A friend of mine, a regular visitor to the center, has geese. Like ya do; it’s pretty common in the Dordogne. Sometimes I arrive at the Lama House to be greeted by a basket full of super jumbo-sized eggs with dark, giant yolks and silky smooth whites. They make the creamiest scrambled eggs and the omelette-iest omelettes. They also make good cake. I don’t think I could pick out a goose egg cake from a table full of regular ones, but I do think if you made the same cake with goose eggs or chicken eggs, there would be a subtle taste and texture difference, as goose eggs have slightly more fat than chicken eggs. That said, eggs are eggs and when you give me eggs, you pretty much always get cake.
I have made a concerted effort to dial back my cake production recently in support of other activities. After spending the better part of September and October working through the fact that it’s okay with me to never become a master baker or a successful professional artist, now I’m in the interesting position of seeing what rises to the top when I create space for other priorities.
A teacher in whom I have a lot of confidence recently told me that if I am serious about aspiring to teach Dharma one day myself, competence in Tibetan language is an essential foundation. Which I will gain in approximately two hundred years if I keep going at the rate I’m going. Not so useful for results in this lifetime.
But what is my goal in learning Tibetan anyway? But what is the goal with teaching, really?
At the end of the day, I just want to get better at being a person until I’m so good at it that I no longer have to come back and be a person again in order to keep working on being a person. And I want to help others do that too.
Almost since I first discovered Buddhism, teaching has been in my mind. I’ve never been so grateful to people in my life (other than to my parents, who gave me this life) as to the people who have helped me start making sense of this life, who gave me the tools to observe my own mind. Early on, one of my teachers said that we must ask ourselves what our responsibility is for the teachings we have been given—to put them into practice and also to conserve them and help make them available to others. If those who came before us had not made the effort to safeguard the teachings and transmit them authentically, we would not be able to receive them now.
And a light went off in my head, and I thought, “Holy shit. That’s a serious debt.” I am fortunate to have come into contact with this wisdom, fortunate beyond measure as far as I can tell. It’s not easy to find a truth that corresponds with both who you are and the way the world is, i.e. the nature of reality. When you find it, you owe it to others to get the word out. That’s how I see it anyway.
It’s more than a little daunting though. I am little and dreamy and untamed. I like colors and cake and playing around in the woods. And it’s not nothing to say you want to teach Dharma. When you take that on, you put yourself up as a bridge between people and the masters who can truly guide them; you represent your own teachers and the tradition you have been trusted with. You can’t be on an ego trip and you seriously have to know your shit (you should probably give up cursing, too). But somebody has to try. And even if I don’t make it in this lifetime, I get the sense I’ll learn more trying than I would doing anything else.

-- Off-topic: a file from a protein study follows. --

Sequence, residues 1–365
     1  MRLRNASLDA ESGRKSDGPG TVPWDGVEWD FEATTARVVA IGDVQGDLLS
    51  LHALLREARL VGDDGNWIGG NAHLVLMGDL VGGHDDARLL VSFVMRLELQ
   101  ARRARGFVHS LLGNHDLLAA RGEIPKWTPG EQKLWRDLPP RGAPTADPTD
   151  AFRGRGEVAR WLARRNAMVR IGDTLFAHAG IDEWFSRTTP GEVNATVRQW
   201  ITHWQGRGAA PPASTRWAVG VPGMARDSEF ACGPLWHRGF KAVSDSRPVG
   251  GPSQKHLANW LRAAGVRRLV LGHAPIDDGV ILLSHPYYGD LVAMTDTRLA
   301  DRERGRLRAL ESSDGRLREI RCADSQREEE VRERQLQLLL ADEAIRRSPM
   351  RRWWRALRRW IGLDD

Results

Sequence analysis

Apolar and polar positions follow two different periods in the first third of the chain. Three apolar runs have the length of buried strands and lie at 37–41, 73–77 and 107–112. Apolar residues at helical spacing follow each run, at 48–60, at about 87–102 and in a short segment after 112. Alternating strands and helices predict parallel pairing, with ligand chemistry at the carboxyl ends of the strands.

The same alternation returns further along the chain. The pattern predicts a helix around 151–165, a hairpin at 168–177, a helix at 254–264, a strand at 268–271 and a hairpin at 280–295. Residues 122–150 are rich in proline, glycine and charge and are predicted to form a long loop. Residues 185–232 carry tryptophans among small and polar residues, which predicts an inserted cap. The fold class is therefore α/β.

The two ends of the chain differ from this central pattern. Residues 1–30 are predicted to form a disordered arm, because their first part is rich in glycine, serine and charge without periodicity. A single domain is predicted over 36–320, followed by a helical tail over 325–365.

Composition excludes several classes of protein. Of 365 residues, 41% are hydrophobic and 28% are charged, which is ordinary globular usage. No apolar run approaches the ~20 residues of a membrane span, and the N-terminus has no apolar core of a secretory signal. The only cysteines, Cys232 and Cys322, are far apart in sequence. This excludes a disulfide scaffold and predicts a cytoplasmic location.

And so, what to do? Do I need to do anything particular? Spending more than an hour a week studying Tibetan is probably a good start. After that, the possible wheres and whens and hows are other questions and other choices that will be answered by time and copious research and hopefully a bit of feedback from people with longer vision than mine. In the meantime, cake to supplicate the Buddhas such that the path becomes clear.
This cake is special. I made a trial one that didn’t so much work. But it had so much potential I came back a day later to give it another go. FYI, I never do this. Generally, I make random experiments while taking careful notes and the good stuff shows up here. But this time, I took the time to alter the technique and up the chocolate quantity, and I’m so glad I did. What makes this cake special, besides its evolution, is its crumb. This is a dense cake, but it is also super tender. Rare combo. I’m proud. Please try it. You’ll be proud too.
Goose Egg Grapefruit Chocolate Cake
2 goose eggs (or 4 large chicken eggs if you don’t live in a goose-abundant region or have a specialty grocery store nearby), room temperature
1/3 cup (66 grams) granulated sugar
1 teaspoon (5 ml) salt
9 ounces (250 grams) semisweet dark chocolate
1/2 stick (67 grams) unsalted butter
2 tablespoons (30 ml) half-and-half
zest of one grapefruit
1/3 cup (42 grams) all-purpose flour
1 1/2 cups (188 grams) icing sugar
3 tablespoons (45 ml) grapefruit juice
Preheat the oven to 350˚ F (180˚ C). Line a 9-inch (23 cm) cake pan with parchment paper.
In a large bowl, beat the eggs until foamy. Pour in the sugar in a slow stream while still beating, then add the salt. Whip on high until thick and pale.
In a double boiler, melt the chocolate, butter, and half-and-half. Stir in the grapefruit zest. Fold one third of the eggs into the chocolate mixture to lighten it. Gently fold the chocolate mixture into the remaining eggs in two portions.
Sift the flour over the top and fold in just until incorporated.
Bake for thirty-five to forty minutes or until a toothpick poked into the center come out clean. Allow to cool. To make the glaze, sift the icing sugar to smooth out clumps. Stir in the juice and pour on top.
Use to supplicate friends or Buddhas.